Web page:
It was a redundant warning in Ross’s case: he wasn’t going near it. Even from a few yards away, he could feel the vibration of flow in the pipes, indicating that enormous volumes of fluid must be passing through the vessels. It sounded like enough to power a small hydroelectric station. Even Solderburn couldn’t fake up something like that.
In the other direction, the corridor went on at least twice the length of the lab, condensation beading its walls. He could hear non-syncopated pounding, its low echo suggesting something powerful and resonant that was being dampened by thick walls. This thought prompted him to glance at the ceiling, which mostly comprised live rock, occasionally masked off by black panels insulating lines of thick cable.
He began to make his way along the corridor. Light was provided by strips running horizontally along the walls, roughly two feet above head height. Ross assumed them to be inset, but if so it was a hell of a neat job. They looked like they could be peeled right off and stuck wherever they were required.
There was another light source further ahead, a dim blue-green glow coming from behind a glass panel set high in the wall on the left.
The corridor trembled following a particularly resonant boom from somewhere above. Ross could feel the metal grates rattle from it, the air disturbed by a pulse of movement. It felt warm, like the sudden gust of heat when somebody has just opened an oven door. There was still no rhythm, no pattern to the sounds, and yet Ross found something about them familiar.
As he approached the panel, he could see a play of coloured light behind the glass, constant but fluid, as though there might be a team of welders on the other side of it. Please, he thought, let there be a team of welders on the other side: hairy-arsed welders with bottles of Irn-Bru and Monday-morning hangovers, toting oxyacetylene torches and forehead-slappingly obvious explanations for what was going on. Perhaps he had ended up at one of the factories on the estate, somehow?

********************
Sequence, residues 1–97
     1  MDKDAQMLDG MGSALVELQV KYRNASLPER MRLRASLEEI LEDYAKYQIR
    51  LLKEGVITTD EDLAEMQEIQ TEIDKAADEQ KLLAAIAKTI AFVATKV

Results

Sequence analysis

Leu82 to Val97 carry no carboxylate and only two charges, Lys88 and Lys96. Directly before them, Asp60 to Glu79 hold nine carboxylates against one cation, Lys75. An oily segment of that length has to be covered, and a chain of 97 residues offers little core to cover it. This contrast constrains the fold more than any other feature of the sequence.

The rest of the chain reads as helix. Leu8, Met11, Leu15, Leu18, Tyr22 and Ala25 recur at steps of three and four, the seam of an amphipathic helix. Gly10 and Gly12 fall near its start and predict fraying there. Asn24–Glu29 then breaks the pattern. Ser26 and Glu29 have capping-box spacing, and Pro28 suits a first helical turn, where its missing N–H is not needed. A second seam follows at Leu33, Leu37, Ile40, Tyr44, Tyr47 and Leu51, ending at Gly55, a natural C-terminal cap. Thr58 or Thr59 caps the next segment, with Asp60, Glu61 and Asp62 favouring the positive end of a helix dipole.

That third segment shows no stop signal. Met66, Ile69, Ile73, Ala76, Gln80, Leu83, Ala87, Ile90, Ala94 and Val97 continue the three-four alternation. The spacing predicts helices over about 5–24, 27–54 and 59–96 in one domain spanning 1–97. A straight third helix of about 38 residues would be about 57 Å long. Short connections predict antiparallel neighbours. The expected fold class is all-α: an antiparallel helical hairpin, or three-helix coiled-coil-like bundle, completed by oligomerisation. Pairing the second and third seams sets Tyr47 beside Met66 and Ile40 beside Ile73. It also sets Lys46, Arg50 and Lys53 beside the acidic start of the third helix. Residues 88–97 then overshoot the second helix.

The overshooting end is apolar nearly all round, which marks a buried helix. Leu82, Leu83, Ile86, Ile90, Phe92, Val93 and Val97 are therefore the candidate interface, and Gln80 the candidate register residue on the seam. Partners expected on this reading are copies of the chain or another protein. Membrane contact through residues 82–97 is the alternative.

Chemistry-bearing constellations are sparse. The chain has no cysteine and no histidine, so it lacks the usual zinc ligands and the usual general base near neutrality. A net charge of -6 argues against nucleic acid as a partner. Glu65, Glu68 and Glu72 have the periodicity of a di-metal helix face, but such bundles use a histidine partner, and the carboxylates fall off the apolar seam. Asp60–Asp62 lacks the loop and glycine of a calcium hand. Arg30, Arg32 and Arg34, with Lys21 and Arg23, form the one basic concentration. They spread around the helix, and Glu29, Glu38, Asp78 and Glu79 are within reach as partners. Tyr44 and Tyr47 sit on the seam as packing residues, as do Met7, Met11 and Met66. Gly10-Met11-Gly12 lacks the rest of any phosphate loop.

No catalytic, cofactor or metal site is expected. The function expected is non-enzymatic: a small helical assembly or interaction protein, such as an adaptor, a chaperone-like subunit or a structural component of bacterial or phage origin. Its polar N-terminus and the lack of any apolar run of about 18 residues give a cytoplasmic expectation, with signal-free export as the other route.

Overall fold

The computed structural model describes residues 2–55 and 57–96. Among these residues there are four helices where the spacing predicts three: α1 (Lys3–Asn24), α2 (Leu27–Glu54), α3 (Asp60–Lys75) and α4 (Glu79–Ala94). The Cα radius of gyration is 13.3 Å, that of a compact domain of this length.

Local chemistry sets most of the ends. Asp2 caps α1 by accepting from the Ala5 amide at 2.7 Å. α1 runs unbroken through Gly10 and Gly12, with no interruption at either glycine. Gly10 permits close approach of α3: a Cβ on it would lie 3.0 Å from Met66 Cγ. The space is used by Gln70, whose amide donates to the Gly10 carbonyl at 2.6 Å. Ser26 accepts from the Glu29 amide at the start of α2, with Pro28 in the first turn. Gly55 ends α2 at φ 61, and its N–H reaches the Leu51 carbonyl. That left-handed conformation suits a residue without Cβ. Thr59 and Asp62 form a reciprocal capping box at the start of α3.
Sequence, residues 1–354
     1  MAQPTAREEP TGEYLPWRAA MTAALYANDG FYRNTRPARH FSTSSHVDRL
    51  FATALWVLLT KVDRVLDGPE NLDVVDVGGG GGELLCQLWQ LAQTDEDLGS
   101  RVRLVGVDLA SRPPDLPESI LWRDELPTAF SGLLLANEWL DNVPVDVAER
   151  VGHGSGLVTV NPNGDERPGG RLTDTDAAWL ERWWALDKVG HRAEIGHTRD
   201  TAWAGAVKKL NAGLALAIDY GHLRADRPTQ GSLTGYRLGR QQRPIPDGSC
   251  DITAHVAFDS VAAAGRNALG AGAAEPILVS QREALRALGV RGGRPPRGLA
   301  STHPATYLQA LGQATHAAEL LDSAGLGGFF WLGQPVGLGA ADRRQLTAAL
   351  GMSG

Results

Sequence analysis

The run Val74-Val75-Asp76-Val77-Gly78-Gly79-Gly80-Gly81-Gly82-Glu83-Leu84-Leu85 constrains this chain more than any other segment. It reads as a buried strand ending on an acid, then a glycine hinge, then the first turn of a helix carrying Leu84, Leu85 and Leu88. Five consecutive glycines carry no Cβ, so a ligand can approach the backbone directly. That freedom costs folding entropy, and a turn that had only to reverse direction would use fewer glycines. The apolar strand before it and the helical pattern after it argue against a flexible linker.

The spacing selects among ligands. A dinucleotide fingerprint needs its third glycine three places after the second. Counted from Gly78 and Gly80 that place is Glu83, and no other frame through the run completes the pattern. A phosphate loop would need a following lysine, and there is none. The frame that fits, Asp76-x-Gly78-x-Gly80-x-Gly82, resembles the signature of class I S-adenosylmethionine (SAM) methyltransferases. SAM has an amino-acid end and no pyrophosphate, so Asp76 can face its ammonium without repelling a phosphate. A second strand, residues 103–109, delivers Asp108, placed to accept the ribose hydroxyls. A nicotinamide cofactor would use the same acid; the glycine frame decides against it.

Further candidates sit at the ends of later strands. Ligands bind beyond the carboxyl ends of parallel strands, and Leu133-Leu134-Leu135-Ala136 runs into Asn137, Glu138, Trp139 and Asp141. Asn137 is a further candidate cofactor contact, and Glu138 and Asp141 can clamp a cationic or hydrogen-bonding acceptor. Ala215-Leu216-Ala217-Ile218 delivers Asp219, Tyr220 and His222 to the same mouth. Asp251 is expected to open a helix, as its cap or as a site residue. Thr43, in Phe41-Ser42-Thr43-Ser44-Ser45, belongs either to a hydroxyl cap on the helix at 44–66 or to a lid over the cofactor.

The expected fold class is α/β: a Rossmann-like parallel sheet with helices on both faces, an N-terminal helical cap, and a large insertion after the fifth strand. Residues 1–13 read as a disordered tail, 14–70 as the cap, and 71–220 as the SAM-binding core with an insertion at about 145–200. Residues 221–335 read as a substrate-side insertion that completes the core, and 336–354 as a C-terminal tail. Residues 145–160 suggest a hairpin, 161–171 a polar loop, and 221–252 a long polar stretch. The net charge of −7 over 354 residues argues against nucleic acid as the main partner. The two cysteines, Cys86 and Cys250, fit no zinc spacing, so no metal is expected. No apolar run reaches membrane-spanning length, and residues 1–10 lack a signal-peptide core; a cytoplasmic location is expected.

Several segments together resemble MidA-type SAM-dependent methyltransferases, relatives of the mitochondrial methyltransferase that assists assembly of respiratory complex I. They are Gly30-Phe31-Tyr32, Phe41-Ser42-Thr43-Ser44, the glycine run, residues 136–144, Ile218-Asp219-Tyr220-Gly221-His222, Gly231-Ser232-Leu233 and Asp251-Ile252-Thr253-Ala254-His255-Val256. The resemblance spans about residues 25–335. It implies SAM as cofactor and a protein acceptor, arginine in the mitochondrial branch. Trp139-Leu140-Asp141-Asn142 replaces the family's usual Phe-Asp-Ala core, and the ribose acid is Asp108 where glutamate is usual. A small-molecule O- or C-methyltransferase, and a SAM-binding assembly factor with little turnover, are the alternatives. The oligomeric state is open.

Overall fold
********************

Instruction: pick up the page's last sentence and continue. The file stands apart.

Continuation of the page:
The panel was high, so Ross had to stand close and stretch to get a look through the glass. As soon as he did, he caught a glimpse of someone on the other side and promptly threw himself back down low, out of sight.
It wasn’t a welder; or if it was, it was one who had utterly lost it at some point and started grafting stuff to his own face.
In his startlement and panicked attempt to hide, Ross tumbled backwards to the deck, a collapse that felt less painful but sounded altogether more clangingly metallic than he was expecting. If the hideous creature behind the wall hadn’t seen him as he peered through the glass a moment ago, then he had surely heard him now.
He had to get moving, and hope there was more than one way out of this corridor. It might be prejudiced to assume that the man he had seen meant him any harm purely on the basis of his unfortunate appearance, but it was difficult to imagine anybody with a penchant for soldering things to his coupon being an entirely calm and balanced individual. Besides, Ross’s alarm hadn’t been inspired purely by the fact that the guy would have a bastard of a time getting his face through airport security; it was the look Ross had briefly glimpsed in that nightmarish visage’s eyes: wild, frantic, unhinged and, most crucially, searching.
It was as he uncrumpled himself from a heap on the floor that he discovered any attempt at flight was futile, and for a reason far worse than that this mutilated horror might already have cut off his escape. His eye was drawn, for the first time since emerging from his cell, to his own person rather than his surroundings, and a glance at his limbs showed them no longer to be clad in what he remembered pulling on that morning. Gone were the soft-leather shoes, moleskin jeans and charcoal shirt, replaced by a one-piece ensemble of metal, glass and bare skin, all three surfaces scarred by scorch-marks and gouges.